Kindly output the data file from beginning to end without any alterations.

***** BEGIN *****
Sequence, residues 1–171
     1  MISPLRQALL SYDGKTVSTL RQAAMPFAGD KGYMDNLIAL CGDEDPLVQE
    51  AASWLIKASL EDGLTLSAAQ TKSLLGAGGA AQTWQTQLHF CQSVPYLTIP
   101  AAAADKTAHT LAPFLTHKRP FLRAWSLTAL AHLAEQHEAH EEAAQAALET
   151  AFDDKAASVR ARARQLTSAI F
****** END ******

Sequence, residues 1–171
     1  MISPLRQALL SYDGKTVSTL RQAAMPFAGD KGYMDNLIAL CGDEDPLVQE
    51  AASWLIKASL EDGLTLSAAQ TKSLLGAGGA AQTWQTQLHF CQSVPYLTIP
   101  AAAADKTAHT LAPFLTHKRP FLRAWSLTAL AHLAEQHEAH EEAAQAALET
   151  AFDDKAASVR ARARQLTSAI F